From Auckland, it was a pretty easy day trip to Waiheke Island. We sailed around the western shore and anchored in Oneroa Bay.

Oneroa Bay, Waiheke Island

After reading our blog, a Kiwi living on Waiheke contacted us. Simon was interested in buying or building a catamaran. He saw Whistler was in the Auckland area so he asked if he could have a quick tour. We picked him up from shore at Oneroa Bay and showed him the boat. He generously brought us a lovely bottle of Man O’ War Sauvignon Blanc and offered us the use of his second car so we could tour around Waiheke. How nice!

S/Y Roxanne had arrived in the anchorage the previous evening, so we invited Tom and Lynn to do a little land tour of the Waiheke. First stop, Oneroa village and then Mudbrick Winery for a look-see.

Monty with Lynn and Tom at Mudbrick Winery
View from Mudbrick Winery

The annual Sculpture on the Gulf was on. Numerous installations were placed along the shoreline, hills and even one in the bay. A spectacular setting for the event and we had a beautiful day! Popular with families.

Each piece had a write up to explain the artist’s concept.
One of my favourites!
This is just a small section of an abstract installation decorating the forest. It had some deep meaning!
This one was created by a yacht painting company.
This sculpture installation that looked like an outhouse or “long drop” as they say in NZ!
Light flooding through the outhouse
Auckland skyline in the background (centre).
This installation was a participation one. People visiting the event picked up tiles and placed them to make the design take shape.
One rocket installation in the bay
Busy Matiatia Bay entrance
Matiatia Bay, sight of the ferry dock
Along the walk we listened to Cicadas. were in full song around the island. Their chirping and clicking can reach 100 decibels!

It was a warm day and we had worked up an appetite and a thirst! We all went for lunch at a little winery called Poderi Crisci Restaurant and Winery. The food was artfully presented and delicious.

The next day we visited a few more sites and wineries before meeting Simon at a winery/brewery next door to his home.

Onetangi Bay
Beach on Onetangi Bay
Tasting at Batch Winery

We sailed around the northern shores to Man O’ War Bay on the western side of Waiheke.

View of the Man O’ War vineyards along the north shore of Waiheke Island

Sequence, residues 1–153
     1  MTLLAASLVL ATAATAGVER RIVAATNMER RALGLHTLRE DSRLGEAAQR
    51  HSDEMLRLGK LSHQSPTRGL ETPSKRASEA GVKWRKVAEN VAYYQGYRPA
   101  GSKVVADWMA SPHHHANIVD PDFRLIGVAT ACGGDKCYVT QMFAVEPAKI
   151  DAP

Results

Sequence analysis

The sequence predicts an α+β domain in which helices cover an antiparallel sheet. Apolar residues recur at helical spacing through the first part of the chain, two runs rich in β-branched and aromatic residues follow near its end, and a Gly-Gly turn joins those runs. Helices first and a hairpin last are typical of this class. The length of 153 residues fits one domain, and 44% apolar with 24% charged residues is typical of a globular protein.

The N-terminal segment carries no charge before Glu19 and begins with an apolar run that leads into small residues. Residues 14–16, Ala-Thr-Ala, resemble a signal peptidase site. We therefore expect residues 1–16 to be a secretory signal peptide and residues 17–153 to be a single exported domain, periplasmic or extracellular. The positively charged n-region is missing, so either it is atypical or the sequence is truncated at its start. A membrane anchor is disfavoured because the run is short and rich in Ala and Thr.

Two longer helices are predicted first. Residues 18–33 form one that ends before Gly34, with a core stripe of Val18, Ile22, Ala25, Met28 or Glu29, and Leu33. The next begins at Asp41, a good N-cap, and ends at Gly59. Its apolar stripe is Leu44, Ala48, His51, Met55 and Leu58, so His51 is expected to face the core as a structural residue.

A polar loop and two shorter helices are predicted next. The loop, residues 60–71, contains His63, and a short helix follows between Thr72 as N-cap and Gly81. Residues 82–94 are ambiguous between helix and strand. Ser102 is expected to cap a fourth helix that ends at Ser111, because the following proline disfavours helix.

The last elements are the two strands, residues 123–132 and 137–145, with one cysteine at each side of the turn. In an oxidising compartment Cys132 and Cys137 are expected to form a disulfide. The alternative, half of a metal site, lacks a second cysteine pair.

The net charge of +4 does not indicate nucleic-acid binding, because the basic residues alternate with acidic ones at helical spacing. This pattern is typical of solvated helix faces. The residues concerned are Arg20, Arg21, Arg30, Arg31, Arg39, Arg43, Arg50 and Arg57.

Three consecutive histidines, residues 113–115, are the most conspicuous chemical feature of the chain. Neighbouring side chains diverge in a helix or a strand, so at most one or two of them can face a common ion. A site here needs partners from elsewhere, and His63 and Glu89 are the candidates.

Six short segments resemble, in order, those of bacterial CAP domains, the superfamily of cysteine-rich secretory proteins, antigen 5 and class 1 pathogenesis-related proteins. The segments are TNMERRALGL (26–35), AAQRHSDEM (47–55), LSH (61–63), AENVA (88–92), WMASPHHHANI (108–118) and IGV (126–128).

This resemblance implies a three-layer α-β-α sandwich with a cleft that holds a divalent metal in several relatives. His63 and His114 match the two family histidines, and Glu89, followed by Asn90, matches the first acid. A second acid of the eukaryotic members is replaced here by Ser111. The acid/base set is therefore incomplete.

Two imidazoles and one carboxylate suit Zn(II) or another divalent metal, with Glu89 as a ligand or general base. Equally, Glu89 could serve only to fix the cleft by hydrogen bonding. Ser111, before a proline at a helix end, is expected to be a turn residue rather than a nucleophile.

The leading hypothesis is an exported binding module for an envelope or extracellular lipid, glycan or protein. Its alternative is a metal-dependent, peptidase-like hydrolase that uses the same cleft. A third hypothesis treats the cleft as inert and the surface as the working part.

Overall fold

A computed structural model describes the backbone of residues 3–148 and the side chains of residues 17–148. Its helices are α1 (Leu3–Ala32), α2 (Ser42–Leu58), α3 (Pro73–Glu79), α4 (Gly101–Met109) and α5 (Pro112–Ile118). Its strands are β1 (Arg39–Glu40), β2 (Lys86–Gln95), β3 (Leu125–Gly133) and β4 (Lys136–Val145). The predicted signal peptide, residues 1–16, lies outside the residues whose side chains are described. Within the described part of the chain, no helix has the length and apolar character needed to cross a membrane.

The Bay was named after Captain James Cook visited in 1769 and noted in his journal that the kauri trees would make ideal masts for the Man O’ War warships of the Royal Navy. Few kauri trees remain on the island today.

Man O’ War Bay

The next morning, we went for a walk from the beach landing by the winery up a dusty dirt track to Stoney Batter. It was grape harvesting time and trucks hauling grapes were regularly passing us, kicking up dust. At times, the views were excellent. We passed by vast cattle and sheep pastures and vineyards owned by Man O’ War Winery. The winery write up says, “Man O’ War consists of 150 acres of vines planted in 76 hillside blocks, each with a distinct soil profile and micro climate…they benefit from the cooling sea breezes, extending their growing season and giving them concentration and minerality.”

Man O’ War Vineyards
A few sheep, not where they were supposed to be!
Boulders scattered amongst the pasture land from a fairly recent eruption. Fences are installed around the trees to protect them from the animals.
Someone had some fun!
Old gun installation
Extensive network of tunnels, now closed, that were part of the old military installation on the top of the hill.
Hooks Bay as seen from the top of Stoney Batter. Little Barrier Island in the distance.

We caught a ride part way down with one of the trucks which saved us some time on the return trip down the hill. With a bit of road dust, we stopped in for a pizza and wine tasting at the Man O’ War Winery. Their wines are very good but pricey, almost as expensive as British Columbia wines!

Here is a transport boat ferrying grapes and equipment back from Ponui Island to Man O’ War Winery.

First grapes harvested from neighbouring Ponui Island.

When we saw the hilly vineyard terrain and lack of mechanization, the cost of producing a bottle of wine at Man O’ War was understandably high.

We tried our hand at fishing for snapper off the large mussel farm in the bay.

We had no success. We realized fancy lures were not enough to interest NZ snapper! We needed bait!

More on the Hauraki Gulf and Great Barrier Island coming soon!